© Egbert Hertsen
EgbertHertsen

Amateur Radio

A short introduction to a magnificent hobby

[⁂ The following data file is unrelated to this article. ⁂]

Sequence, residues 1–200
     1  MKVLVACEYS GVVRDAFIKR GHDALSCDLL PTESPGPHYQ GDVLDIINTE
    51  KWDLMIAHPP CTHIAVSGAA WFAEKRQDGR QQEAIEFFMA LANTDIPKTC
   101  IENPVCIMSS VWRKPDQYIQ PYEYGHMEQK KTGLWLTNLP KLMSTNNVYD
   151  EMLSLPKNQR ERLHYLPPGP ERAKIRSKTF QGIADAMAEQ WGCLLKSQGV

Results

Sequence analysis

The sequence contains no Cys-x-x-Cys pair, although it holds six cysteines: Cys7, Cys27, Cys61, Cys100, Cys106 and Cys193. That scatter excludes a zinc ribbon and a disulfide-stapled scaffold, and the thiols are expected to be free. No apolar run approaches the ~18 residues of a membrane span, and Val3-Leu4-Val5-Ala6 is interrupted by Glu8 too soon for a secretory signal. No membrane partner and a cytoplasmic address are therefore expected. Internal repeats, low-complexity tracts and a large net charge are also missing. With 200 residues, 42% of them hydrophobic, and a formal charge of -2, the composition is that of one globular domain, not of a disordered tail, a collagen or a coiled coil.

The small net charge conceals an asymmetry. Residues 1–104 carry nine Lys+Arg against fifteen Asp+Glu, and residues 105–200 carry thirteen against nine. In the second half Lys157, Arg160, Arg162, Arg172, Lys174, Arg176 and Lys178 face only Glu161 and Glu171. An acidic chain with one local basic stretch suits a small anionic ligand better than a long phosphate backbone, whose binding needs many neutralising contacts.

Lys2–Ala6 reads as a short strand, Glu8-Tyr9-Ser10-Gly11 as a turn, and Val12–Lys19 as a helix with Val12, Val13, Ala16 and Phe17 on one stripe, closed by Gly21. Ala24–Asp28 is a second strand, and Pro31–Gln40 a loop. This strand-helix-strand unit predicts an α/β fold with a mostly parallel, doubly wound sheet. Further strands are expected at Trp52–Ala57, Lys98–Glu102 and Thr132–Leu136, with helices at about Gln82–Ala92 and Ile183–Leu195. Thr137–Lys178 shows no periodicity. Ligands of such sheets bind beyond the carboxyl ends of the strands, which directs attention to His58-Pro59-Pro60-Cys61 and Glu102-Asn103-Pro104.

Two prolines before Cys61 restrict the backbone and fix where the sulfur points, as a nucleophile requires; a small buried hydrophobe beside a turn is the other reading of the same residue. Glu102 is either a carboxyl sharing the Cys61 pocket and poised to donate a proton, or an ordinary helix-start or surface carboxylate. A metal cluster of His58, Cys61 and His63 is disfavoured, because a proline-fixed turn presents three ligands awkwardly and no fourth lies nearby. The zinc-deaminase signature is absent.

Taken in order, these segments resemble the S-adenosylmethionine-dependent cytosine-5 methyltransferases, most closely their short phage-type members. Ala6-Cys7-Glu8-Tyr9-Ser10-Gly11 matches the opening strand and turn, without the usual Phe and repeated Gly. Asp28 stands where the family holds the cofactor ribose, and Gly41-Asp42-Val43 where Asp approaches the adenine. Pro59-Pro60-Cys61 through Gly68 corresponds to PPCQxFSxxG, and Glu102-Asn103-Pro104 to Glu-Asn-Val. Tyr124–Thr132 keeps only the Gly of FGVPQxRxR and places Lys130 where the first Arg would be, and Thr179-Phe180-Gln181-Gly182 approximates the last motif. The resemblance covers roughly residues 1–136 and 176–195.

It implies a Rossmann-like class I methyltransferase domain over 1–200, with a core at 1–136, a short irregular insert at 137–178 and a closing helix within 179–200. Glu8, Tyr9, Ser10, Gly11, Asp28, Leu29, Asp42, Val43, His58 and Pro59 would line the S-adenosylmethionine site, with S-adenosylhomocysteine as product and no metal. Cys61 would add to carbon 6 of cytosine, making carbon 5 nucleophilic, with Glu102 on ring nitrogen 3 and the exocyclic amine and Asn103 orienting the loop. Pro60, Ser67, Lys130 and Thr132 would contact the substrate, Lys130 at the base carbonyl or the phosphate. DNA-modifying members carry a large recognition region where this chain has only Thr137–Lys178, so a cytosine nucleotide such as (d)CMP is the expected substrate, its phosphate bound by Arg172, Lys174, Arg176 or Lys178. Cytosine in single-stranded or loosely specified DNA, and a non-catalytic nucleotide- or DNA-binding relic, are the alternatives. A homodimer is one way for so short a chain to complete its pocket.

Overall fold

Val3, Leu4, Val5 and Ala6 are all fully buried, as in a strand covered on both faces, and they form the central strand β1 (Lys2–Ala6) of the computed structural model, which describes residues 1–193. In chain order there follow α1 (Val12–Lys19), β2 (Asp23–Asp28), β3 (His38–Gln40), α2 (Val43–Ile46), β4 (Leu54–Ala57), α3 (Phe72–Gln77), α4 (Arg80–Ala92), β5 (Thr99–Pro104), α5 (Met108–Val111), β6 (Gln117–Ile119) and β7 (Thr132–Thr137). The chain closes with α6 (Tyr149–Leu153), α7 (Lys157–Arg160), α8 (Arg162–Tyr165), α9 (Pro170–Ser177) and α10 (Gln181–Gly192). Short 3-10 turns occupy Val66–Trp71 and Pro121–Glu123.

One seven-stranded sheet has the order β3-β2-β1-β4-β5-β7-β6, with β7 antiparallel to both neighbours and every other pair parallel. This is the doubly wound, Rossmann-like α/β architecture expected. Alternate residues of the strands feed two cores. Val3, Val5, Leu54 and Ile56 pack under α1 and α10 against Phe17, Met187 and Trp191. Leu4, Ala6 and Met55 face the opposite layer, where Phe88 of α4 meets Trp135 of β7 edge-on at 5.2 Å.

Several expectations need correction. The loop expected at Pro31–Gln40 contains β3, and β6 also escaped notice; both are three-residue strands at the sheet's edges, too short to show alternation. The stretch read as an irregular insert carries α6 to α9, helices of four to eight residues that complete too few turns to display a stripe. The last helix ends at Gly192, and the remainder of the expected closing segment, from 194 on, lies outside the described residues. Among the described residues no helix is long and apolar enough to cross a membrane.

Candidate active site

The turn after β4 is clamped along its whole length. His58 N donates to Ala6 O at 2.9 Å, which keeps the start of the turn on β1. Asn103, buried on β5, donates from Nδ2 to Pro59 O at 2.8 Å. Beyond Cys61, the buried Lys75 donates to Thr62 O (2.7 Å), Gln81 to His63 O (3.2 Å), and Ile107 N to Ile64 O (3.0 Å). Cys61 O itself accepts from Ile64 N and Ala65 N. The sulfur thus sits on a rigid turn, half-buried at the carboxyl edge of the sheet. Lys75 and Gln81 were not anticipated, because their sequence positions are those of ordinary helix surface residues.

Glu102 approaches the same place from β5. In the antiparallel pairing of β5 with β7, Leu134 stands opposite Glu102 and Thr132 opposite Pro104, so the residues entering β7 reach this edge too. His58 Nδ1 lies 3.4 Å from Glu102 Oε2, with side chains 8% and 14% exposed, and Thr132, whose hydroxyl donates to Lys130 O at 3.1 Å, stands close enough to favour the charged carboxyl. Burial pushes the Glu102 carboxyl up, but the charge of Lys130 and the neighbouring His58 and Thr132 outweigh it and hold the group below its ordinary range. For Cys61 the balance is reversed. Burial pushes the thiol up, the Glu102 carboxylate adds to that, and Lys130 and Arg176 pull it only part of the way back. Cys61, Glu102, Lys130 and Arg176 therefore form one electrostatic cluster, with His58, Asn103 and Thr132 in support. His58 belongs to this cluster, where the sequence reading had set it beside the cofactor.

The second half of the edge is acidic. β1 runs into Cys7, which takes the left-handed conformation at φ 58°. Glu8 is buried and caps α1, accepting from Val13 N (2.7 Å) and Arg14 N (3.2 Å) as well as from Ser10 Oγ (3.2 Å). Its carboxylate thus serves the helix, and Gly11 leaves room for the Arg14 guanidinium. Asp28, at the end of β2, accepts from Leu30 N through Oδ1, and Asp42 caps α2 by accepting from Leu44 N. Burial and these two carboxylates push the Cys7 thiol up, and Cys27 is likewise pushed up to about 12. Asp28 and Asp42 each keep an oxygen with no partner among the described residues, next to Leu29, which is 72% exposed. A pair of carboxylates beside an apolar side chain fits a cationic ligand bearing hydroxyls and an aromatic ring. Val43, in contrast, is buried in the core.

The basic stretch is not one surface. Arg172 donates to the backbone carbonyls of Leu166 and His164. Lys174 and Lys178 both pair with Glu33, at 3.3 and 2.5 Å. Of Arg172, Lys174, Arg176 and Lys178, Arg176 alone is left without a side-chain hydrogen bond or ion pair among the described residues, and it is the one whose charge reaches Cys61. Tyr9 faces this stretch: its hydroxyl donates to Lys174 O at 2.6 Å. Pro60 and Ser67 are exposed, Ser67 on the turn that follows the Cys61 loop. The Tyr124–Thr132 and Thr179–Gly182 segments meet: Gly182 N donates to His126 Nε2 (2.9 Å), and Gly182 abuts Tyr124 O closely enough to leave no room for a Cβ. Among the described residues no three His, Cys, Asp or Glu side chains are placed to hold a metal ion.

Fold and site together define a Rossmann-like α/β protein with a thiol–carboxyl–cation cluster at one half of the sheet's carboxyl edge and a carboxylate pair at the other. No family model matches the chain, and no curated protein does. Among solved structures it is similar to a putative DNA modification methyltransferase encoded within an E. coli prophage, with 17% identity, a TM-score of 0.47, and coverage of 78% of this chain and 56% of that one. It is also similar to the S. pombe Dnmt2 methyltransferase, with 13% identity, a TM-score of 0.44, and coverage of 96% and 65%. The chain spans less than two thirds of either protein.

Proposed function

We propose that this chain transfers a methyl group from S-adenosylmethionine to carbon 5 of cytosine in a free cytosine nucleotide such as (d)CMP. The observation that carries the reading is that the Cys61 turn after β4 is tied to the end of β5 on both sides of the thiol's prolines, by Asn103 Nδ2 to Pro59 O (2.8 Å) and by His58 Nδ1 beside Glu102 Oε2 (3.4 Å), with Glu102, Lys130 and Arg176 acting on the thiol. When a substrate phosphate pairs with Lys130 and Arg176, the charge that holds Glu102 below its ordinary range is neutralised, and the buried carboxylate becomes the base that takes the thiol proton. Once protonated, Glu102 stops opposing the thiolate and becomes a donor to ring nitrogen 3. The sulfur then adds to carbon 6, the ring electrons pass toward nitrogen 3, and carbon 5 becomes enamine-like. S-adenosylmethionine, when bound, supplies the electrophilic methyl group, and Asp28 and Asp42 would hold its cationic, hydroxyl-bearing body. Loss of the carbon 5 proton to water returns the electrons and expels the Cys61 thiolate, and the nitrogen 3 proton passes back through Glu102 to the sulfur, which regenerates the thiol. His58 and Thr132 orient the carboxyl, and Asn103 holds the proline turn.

Amateur radio... No, that's definitely not CB or broadcasting some music program on your transistor radio... Unfamiliar what amateur radio is all about? Amateur radio is a hobby that has been around almost as long as radio itself. Amateur radio operators, often referred to as “HAMs”, are people with an interest in radio design, electronics and communication. HAMs enjoy operating their own two-way radio station to talk to people all over the world or in their own community. In the early days of radio a century ago this was done using the "dits" and "dahs" of Morse code, but in this 21st century HAMs not also talk into a microphone but also use high tech digital techniques. HAMs can be found bouncing signals off the moon, using satellites or using the computer in their hobby. Many HAMs simply like to "ragchew", the HAM term for sitting back and having a long conversation with another HAM while others (like me) particularly enjoy contacting stations in as many different parts of the globe as they can on shortwave bands or to compete in one of the internationally organized contests. Amateur radio operators enjoy personal two-way communications with friends, family members, and complete strangers, all of whom must also be licensed. They support the larger public community with emergency and disaster communications. Increasing a person's knowledge of electronics and radio theory as well as radio contesting are also popular aspects of amateur radio. A housewife in Denmark makes friends over the radio with another HAM in Lithuania. A mine worker in Russia participating in a "DX contest" swaps his call sign and talks to hams in 100 different countries during a single weekend. In India, volunteers save lives as part of their involvement in an emergency response. And from his room in South Africa, a HAM's pocket-sized hand-held radio allows him to talk to friends in New Zealand. This unique mix of fun, public service and convenience is the distinguishing characteristic of Amateur Radio. Although HAMs get involved for many reasons, they all have in common a basic knowledge of radio technology and operating principles, and pass an examination for an amateur radio license to operate on radio frequencies known as the "Amateur Bands." These bands are radio frequencies reserved for use by hams at intervals from just above the AM broadcast band of your vintage car radio all the way up into extremely high microwave frequencies.